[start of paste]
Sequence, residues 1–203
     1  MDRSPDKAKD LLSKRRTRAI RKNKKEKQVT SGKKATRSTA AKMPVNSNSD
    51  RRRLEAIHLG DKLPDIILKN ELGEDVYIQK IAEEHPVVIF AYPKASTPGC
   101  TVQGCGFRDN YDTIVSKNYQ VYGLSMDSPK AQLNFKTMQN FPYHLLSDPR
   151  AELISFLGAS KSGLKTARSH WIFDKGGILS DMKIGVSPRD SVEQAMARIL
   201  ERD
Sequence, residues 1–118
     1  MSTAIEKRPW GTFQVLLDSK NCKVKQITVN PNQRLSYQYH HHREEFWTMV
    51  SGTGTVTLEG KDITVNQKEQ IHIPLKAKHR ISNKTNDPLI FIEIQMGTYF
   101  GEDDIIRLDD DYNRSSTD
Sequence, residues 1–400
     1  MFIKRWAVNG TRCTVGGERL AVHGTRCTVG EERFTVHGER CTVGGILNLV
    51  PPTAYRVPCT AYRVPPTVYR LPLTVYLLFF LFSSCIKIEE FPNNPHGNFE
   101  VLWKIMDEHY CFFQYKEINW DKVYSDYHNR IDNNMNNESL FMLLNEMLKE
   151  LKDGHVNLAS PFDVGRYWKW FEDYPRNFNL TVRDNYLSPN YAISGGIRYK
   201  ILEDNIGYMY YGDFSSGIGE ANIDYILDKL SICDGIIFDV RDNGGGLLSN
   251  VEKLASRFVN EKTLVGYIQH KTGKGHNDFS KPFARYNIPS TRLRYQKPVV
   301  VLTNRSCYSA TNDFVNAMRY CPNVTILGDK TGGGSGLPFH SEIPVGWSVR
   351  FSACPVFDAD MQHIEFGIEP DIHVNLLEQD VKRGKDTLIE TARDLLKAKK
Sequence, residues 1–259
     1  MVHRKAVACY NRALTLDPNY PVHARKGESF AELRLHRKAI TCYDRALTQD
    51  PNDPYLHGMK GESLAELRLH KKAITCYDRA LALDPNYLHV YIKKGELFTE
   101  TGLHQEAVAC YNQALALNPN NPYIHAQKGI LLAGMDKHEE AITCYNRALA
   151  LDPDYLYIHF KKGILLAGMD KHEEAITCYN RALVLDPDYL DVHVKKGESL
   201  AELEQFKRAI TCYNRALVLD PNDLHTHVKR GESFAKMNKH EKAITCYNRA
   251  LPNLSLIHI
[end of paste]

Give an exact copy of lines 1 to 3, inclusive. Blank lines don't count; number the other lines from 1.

Sequence, residues 1–203
     1  MDRSPDKAKD LLSKRRTRAI RKNKKEKQVT SGKKATRSTA AKMPVNSNSD
    51  RRRLEAIHLG DKLPDIILKN ELGEDVYIQK IAEEHPVVIF AYPKASTPGC